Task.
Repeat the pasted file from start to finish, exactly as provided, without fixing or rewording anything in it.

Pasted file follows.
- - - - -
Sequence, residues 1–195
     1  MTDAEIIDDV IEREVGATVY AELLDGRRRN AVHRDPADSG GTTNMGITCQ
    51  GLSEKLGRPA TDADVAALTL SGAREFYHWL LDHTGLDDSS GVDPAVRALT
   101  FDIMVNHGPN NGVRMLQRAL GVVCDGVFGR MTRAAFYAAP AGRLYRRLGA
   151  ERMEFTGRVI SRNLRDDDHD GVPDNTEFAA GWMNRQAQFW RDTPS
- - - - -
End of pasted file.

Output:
Sequence, residues 1–195
     1  MTDAEIIDDV IEREVGATVY AELLDGRRRN AVHRDPADSG GTTNMGITCQ
    51  GLSEKLGRPA TDADVAALTL SGAREFYHWL LDHTGLDDSS GVDPAVRALT
   101  FDIMVNHGPN NGVRMLQRAL GVVCDGVFGR MTRAAFYAAP AGRLYRRLGA
   151  ERMEFTGRVI SRNLRDDDHD GVPDNTEFAA GWMNRQAQFW RDTPS